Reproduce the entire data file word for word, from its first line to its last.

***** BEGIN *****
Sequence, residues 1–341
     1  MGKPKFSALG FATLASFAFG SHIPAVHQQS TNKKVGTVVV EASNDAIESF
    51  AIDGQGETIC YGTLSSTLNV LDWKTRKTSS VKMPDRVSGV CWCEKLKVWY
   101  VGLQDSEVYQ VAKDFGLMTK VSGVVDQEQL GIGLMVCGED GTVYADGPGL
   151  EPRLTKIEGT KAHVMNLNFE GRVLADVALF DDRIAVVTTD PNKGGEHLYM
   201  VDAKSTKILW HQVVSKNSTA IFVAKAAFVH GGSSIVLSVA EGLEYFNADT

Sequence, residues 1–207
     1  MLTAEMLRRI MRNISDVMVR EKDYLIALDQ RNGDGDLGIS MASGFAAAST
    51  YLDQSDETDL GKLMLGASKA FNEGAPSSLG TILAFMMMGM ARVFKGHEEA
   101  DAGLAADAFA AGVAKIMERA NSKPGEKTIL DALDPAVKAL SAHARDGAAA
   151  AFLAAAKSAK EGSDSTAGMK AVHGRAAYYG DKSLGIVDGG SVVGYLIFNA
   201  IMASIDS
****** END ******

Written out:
Sequence, residues 1–341
     1  MGKPKFSALG FATLASFAFG SHIPAVHQQS TNKKVGTVVV EASNDAIESF
    51  AIDGQGETIC YGTLSSTLNV LDWKTRKTSS VKMPDRVSGV CWCEKLKVWY
   101  VGLQDSEVYQ VAKDFGLMTK VSGVVDQEQL GIGLMVCGED GTVYADGPGL
   151  EPRLTKIEGT KAHVMNLNFE GRVLADVALF DDRIAVVTTD PNKGGEHLYM
   201  VDAKSTKILW HQVVSKNSTA IFVAKAAFVH GGSSIVLSVA EGLEYFNADT

Sequence, residues 1–207
     1  MLTAEMLRRI MRNISDVMVR EKDYLIALDQ RNGDGDLGIS MASGFAAAST
    51  YLDQSDETDL GKLMLGASKA FNEGAPSSLG TILAFMMMGM ARVFKGHEEA
   101  DAGLAADAFA AGVAKIMERA NSKPGEKTIL DALDPAVKAL SAHARDGAAA
   151  AFLAAAKSAK EGSDSTAGMK AVHGRAAYYG DKSLGIVDGG SVVGYLIFNA
   201  IMASIDS